In a recent report, Equifax revealed that Australia's national average credit score has remained “excellent” despite the nation experiencing a year of economic challenges.
This is largely attributed to Australians utilising savings accumulated during the COVID-19 period to manage their finances.
The Equifax Australian Credit Scorecard 2023 analysed over two million credit scores to provide insights into the credit habits and scores of Australian consumers. The findings indicate that the national average credit score has slightly improved from 846 last year to 855 this year.
According to Carrie Cheung (pictured above), head of insights at Equifax, the high savings ratio observed during the COVID-19 pandemic has played a crucial role in maintaining credit scores.
The ABS household saving ratio reached a peak of 23.6% in June 2020 and has been gradually declining since then, reaching a low of 3.2% in 2023.
“Using savings to manage the higher cash rates and increased cost of living has helped cushion many Australian consumers against recent economic turbulence and has had a beneficial effect on their credit scores,” Cheung said.
“But this cushion is shrinking rapidly and has already been exhausted for some.”
Missed mortgage repayments rise
A concerning trend highlighted in the report is the growing number of individuals falling behind on credit repayments, including mortgages.
Missed repayments are rising across all age groups, and those who struggle to make timely payments are more likely to have credit scores below the national average.
While a lower credit score doesn't necessarily indicate immediate financial distress, Cheung emphasised the importance of proactive action.
“If consumers are struggling to make ends meet, they should speak to their lender and come to an arrangement before they miss repayments,” Cheung said.
“This approach is better for their credit scores in the long run, and will ensure that any financial stress consumers are going through now won’t impact them down the road, when they might need to apply for credit again for another big life moment.”
Other credit score trends in the Equifax report
In the face of economic headwinds, Australians have been searching for better deals to help combat the impact of rising interest rates and household budget pressures.
Below are some of the latest trends as shown within the Equifax report.
Refinancing activity increases
Australians are increasingly looking to refinance their mortgages in an effort to save money and combat the impact of rising interest rates.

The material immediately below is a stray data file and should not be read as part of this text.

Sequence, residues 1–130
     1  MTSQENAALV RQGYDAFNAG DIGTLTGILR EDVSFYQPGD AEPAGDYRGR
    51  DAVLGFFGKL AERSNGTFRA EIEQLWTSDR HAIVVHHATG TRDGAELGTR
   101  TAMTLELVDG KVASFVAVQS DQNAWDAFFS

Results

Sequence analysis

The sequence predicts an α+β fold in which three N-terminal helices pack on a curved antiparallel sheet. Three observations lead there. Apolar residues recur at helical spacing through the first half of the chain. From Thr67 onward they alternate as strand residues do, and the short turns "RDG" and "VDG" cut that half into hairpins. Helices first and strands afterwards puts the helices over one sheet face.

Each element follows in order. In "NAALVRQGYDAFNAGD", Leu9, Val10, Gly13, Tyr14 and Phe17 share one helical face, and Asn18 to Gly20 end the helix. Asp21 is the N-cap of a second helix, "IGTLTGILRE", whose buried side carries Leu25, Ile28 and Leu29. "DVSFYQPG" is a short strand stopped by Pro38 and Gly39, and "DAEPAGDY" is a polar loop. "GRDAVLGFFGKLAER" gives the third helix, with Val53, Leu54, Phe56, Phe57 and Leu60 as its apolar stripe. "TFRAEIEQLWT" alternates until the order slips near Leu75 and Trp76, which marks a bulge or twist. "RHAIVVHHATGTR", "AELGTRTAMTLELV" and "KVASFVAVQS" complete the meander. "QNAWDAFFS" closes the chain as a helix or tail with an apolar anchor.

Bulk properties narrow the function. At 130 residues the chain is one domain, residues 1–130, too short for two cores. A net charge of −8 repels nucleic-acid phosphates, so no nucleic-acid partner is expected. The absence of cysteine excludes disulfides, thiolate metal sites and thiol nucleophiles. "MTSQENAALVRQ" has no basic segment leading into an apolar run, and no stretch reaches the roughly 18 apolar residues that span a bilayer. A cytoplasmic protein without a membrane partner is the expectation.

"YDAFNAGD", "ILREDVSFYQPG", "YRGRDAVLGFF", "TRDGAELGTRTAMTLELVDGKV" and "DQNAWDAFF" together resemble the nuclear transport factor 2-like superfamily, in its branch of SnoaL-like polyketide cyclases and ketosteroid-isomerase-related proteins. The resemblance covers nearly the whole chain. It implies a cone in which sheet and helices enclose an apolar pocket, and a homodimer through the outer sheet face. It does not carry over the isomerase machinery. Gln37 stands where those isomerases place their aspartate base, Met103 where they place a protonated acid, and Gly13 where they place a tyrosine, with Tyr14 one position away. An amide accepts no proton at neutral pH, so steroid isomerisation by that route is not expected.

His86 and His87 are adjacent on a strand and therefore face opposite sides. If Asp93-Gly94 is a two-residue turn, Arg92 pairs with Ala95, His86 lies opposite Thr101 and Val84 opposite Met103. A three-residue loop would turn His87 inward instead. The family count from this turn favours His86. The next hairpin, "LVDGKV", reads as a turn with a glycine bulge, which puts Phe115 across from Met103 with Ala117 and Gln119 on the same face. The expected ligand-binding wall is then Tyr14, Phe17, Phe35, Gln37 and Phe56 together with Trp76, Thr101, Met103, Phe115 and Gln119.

This is reflected in the fact that 38% of mortgage enquiries in August were from consumers looking to refinance, compared to 26% of all enquiries in 2019.
Borrowers who applied for refinancing have a higher average credit score than those who enquired about new mortgage applications (949 and 827, respectively).
The average score for refinance applications has also increased compared to pre-pandemic levels, with the younger age band (18-30 years old) seeing the biggest improvement, from 879 in 2019 to 931 in 2023.
The 31-40 bracket, which makes up the highest proportion of refinance applications, experienced an increase in average credit scores from 906 in 2019 to 951 in 2023.
“Banks have been working closely with customers to help them manage their repayments while also implementing tighter serviceability criteria when granting loans, to ensure consumers will be able to make ends meet in the current economic scenario,” Cheung said.
Buy now, pay later usage declines, consumer liabilities increase
The use of Buy Now, Pay Later (BNPL) services has declined, as consumers become more cautious about their spending habits.
The average score of the consumers applying for BNPL fell from 694 in 2021 to 582 in 2023. Most BNPL applications were made by consumers in the 18-30 age group in the past year, with an average score of 541 – a decrease from 632 in 2021.
Equifax also observed that as economic conditions tightened, the proportion of consumer liability payments (mortgage, rent, credit card payment and loans) has increased dramatically.
“This increase in consumer spending on liabilities is likely connected to rising interest rates,” said Cheung. “The repayments have grown tangibly, and consumers, as a result, have had to shift their spending habits to prioritise paying back debts.”
Mortgage (+ 21.41%), rent (+14.87%) and loan (+22.63%) payments increased significantly in Q2 of this year, when compared to the start of 2022.
“However, payments on credit cards only saw a very small uplift (+3.54%), indicating that some Australians have started cutting back on unsecured credit and prioritising secured credit debt instead,” Cheung said.
Advice about protecting credit scores
With savings dwindling and conditions turbulent, consumers should take steps to maintain the long-term health of their credit scores, according to Cheung.
“We know this has been a tough year for Australians, but they have persevered,” Cheung said.
“Now is the time for consumers to take action and ensure they are looking after the long-term health of their credit scores. Small things like paying bills on time and limiting the amount of short-term loans are all things that have a positive impact.”
Other ways to build and protect your credit score include:
- Check your credit score regularly
- Closing unnecessary accounts
- Reaching out to your lender if you’re worried about falling behind on payments
- Continue to pay bills, credit cards, loans and rent on time and build a rainy-day fund in case of unexpected events
- Be aware of the number of credit applications you make
What do you think of Equifax’s report? Comment below.